Ami AbbottI am a 31-year-old Scrum Master who was born, and still currently living in South Wales. I joined Fruugo in February this year.

Working within the Retailer Management team I communicate, coordinate, and facilitate, to help the team deliver the work we have committed too and reaching our sprint goal. For the Retailer Team, our main goal is to ensure the retailers are given the best experience possible when using our website. Prior to working in Fruugo I spent over 10 years working in Admiral Insurance. In my free time I enjoy travelling, kickboxing and pretty much anything food related!

Tell us a bit about yourself, background, and your current role

I recently joined Fruugo last February as a scrum master, which involves overseeing and coordinating the work of the software and engineering scrum team made up of product owners, software developers, testers, etc. to ensure we provide our sellers with the greatest experience possible to help them grow their business.

I originally began my career in 2011, taking on my first job as a sales executive at a UK-based insurance company, before moving into the role of a claims handler. I gained experience in various tech roles during my time there, including work as a test manager and a scrum master. I enjoyed my time as a scrum master so much that when I saw the position available at Fruugo I could not turn it down.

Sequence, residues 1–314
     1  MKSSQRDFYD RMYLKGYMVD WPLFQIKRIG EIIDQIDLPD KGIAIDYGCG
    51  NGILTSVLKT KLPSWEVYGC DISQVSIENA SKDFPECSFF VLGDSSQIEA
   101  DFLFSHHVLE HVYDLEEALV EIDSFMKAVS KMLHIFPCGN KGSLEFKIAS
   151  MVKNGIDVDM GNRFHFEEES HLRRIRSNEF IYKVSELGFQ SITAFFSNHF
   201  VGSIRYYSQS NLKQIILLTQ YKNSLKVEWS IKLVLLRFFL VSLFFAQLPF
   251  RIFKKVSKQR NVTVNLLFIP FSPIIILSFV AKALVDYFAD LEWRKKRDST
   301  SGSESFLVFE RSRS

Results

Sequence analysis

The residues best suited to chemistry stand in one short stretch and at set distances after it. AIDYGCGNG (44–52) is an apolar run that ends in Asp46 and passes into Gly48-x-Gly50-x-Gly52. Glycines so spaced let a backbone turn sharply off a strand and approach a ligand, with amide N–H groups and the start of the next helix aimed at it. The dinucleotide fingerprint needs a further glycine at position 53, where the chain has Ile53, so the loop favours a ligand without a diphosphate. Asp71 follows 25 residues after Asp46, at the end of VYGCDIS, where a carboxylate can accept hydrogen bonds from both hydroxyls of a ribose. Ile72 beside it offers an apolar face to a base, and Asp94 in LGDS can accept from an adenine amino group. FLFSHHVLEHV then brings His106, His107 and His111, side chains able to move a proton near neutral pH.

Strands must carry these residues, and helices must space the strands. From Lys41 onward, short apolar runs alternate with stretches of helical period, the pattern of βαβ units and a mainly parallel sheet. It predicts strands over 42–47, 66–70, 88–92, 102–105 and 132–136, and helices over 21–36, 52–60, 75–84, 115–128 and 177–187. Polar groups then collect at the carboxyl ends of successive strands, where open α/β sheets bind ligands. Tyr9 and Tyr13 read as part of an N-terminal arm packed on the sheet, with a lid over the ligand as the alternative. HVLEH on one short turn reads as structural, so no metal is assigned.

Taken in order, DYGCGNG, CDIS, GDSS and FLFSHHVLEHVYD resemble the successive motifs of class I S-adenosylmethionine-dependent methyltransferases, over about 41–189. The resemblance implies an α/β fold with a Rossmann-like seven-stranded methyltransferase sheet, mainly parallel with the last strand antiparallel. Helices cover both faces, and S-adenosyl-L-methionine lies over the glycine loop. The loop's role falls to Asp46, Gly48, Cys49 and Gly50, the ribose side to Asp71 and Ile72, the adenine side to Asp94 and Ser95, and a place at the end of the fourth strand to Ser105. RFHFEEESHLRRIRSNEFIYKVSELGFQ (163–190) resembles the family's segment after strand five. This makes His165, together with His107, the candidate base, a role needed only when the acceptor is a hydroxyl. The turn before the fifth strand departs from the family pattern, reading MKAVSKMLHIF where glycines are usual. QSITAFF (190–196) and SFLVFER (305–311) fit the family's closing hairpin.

It has been very interesting to see the shift in my role from the insurance sector to retail. At Fruugo, our main aim is to effectively and efficiently build actionable intelligence for sellers on our platform. As we are a global marketplace, we sell a variety of goods in different countries, and so a lot of the job requires translating our work into alternative languages and currencies, to ensure all our sellers are being supported.

Did you ever sit down and plan your career?

I always knew I wanted to kickstart my career early, which is why I decided not to go to university. I was motivated to take on a new challenge and gain work experience as soon as I left education to enhance my career opportunities. However, I never actually sat down and planned what career path I wanted to take.

When I started my first position as a sales executive, I saw it as a way to get my foot in the door. I did not initially have an interest within the tech sector, but by gaining valuable in-work experience, I was inspired to try other roles within the industry. This shows that you do not need your life set out by the age of 18 – there are multiple roads available to take down the line!

Have you faced any career challenges along the way and how did you overcome these?

I would say my biggest challenge so far has been starting my career in the tech industry itself. When I applied for my first tech role in 2017, the industry was a lot more male dominated. As I was yet to have prior experience in the tech sector, I was worried that I would not be qualified enough to be successful in my application, especially with female recruitment being relatively low compared to male.

My work at the insurance company massively helped me overcome this challenge. Over the years I really applied myself to my role. I showcased my eagerness to learn, and willingness to take on new challenges. I believe this really supported my application, and luckily, I was successful.